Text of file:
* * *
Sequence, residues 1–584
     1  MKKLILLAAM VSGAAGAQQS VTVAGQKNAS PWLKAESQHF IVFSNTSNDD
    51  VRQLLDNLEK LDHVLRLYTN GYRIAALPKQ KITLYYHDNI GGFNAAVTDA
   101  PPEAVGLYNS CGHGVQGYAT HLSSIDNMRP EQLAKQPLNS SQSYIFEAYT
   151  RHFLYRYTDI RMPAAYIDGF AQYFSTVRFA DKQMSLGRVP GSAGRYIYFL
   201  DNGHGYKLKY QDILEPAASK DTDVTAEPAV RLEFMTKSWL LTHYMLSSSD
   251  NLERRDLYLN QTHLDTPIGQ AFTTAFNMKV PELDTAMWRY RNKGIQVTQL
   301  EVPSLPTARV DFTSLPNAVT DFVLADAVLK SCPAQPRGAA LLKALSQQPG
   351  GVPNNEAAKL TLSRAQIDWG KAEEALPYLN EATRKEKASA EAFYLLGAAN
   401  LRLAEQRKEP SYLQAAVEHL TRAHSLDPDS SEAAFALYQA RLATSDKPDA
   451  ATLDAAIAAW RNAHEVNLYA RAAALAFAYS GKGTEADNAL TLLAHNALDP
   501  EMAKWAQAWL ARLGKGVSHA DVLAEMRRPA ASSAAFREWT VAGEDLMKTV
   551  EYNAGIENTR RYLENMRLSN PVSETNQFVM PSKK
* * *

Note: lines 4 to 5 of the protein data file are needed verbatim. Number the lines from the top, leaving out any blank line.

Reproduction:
   101  PPEAVGLYNS CGHGVQGYAT HLSSIDNMRP EQLAKQPLNS SQSYIFEAYT
   151  RHFLYRYTDI RMPAAYIDGF AQYFSTVRFA DKQMSLGRVP GSAGRYIYFL